When the SE2 team decided to bring on two youth advisors, our intent was to leverage their skills to help us develop health promotion campaigns for the Colorado Department of Public Health and Environment.
We wanted to get their insights into the beliefs, perceptions, trends and behaviors that influence youth and young adults today.
It turns out that Isabella C. and Lindsey K. have opinions about all of that — and more. See these interviews for their views on social media today.
It seems long ago that we shot these videos inside our Denver office. In reality, it was just a couple of months ago. But the world has changed drastically due to COVID-19, and our working world has been no exception.
Today, our SE2 team is working from home like many Coloradans. From our home offices, we are continuing the important work of helping to promote positive health behaviors and motivating people to take action around key issues. We are each doing our part to keep our communities safe by wearing masks and practicing responsible distancing.
Recently, we wanted to get Bella and Lindsey’s take on how COVID is changing life and media use for young people. As expected, they had a lot of great insights to share.
How has COVID changed the way you are communicating today?
Bella: I can definitely say that in 2020, I didn’t think that yelling from my front porch to neighbors on the sidewalk was going to be such a popular form of communication.
I spend most of my days on Zoom calls. Recently we organized a virtual game night with friends, with everyone playing from their phones. It was a fun new way to connect and we were able to involve friends from out of state.
It’s been fun getting crafty to stay in touch with friends — but I’m definitely looking forward to being with them in person again.
Lindsey: I’ve been doing a lot more video and phone calls. Video calls are the closest approximation of hanging out right now, but they leave a lot to be desired.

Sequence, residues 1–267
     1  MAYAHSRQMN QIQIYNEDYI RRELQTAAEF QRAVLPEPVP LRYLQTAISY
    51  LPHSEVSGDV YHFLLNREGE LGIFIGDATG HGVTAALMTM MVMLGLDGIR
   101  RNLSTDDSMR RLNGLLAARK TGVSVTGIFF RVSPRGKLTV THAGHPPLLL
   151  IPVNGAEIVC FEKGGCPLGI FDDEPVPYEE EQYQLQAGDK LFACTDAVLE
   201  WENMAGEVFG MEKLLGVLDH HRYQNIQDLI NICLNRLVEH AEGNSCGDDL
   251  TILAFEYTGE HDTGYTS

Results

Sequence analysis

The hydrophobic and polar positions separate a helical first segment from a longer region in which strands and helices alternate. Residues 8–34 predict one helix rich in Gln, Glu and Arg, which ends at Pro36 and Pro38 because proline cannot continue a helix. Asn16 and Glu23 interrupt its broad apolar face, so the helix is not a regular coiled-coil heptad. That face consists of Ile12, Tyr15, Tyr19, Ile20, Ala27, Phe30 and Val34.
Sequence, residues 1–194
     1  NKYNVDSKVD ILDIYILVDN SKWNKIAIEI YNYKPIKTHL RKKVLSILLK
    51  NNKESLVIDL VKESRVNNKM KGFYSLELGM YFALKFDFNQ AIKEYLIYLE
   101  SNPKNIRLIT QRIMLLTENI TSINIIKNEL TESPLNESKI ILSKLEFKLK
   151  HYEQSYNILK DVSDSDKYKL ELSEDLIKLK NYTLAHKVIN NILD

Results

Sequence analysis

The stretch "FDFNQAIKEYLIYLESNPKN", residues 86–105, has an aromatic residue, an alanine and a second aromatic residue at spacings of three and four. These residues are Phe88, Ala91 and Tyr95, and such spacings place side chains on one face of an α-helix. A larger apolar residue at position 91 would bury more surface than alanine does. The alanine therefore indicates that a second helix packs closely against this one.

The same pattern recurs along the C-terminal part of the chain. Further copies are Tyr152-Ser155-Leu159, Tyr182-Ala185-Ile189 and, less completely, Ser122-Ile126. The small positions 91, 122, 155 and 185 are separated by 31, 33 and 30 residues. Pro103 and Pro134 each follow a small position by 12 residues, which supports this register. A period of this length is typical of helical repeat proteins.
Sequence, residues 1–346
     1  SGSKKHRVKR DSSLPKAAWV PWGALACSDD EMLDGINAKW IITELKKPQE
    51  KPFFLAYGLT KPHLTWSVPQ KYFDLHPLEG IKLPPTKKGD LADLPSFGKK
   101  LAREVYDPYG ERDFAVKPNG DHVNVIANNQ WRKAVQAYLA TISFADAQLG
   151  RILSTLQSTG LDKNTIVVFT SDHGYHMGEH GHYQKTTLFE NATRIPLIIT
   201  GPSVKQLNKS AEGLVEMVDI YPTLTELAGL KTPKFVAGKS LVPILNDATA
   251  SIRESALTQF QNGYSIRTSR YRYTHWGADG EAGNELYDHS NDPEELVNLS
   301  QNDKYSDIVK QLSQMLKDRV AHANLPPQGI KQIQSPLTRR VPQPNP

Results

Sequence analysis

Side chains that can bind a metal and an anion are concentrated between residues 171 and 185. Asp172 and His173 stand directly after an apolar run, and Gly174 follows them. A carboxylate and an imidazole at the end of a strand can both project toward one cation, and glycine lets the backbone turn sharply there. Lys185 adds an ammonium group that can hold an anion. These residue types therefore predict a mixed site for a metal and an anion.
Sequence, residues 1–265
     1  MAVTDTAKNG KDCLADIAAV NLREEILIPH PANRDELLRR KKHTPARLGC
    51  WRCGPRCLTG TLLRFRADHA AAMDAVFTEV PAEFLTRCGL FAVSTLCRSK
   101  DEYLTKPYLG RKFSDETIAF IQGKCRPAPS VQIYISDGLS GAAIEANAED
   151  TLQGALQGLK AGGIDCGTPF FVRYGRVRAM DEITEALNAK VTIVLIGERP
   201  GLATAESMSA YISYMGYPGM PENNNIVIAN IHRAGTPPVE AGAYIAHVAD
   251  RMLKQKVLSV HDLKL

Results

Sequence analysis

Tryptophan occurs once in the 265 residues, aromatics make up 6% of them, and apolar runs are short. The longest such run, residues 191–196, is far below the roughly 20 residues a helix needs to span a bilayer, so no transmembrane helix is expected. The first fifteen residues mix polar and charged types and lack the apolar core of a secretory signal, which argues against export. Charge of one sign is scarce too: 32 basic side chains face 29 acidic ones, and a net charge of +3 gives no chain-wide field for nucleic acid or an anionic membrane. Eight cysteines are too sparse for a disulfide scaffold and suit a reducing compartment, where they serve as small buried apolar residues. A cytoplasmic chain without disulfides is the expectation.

Little things like sharing tweets and TikToks, or Snapchatting something I’m seeing, have become really important for me. It’s an easy way to let someone know you’re thinking of them, start a conversation or share an experience.
What impact are you seeing on your social channels right now?
Bella: Social media seems to be all COVID right now. But it has been a great tool to keep us connected and even be more open about our struggles.
I’ve seen a great deal of positivity being shared. I have loved seeing all of the thank-yous and positive messages towards health care and essential workers.
I have also loved seeing people support each other through this time. Whether it’s sharing a recipe, “live” concerts to pass the time, or a simple “How are you?” text, it feels good to just have that reminder that we’re all in this together.
Lindsey: I can’t remember what people talked about online before COVID. Though it’s calmed down a little, I feel like most of the content I see is COVID or quarantine related.
On my social channels, people have been particularly open about their struggles. I think there’s a sense of shared struggle right now that allows people to be really honest about how they’re feeling and doing, without fear of stigma.
There’s also been a lot of kindness and compassion going around — posts about having realistic self-expectations given how weird things are right now, reaching out to support others and being understanding if others are struggling and not able to offer support right now.
Also, memes: There’s been a lot of using humor to cope on my feeds.
What do you think the “new normal” will look like for young people in terms of communications?
Bella: While I don’t think things will be extremely different, I do think for a while everything will have this COVID covering over it – like when we don’t shake hands with new friends or have to enjoy live music together from six feet apart.
I hope in the new normal we carry with us the compassion and care that is all around right now. When this is over, we will still need the extra care as we move back into our everyday lives.
Lindsey: At the start of physical distancing, I would have said that the new normal would involve a lot more video calling and distance communication – but now I’m not so sure.
This situation has made the limits of digital communication really clear, at least in my experience with my friends. Video calls are great occasionally, but they really aren’t a substitute for in-person communication.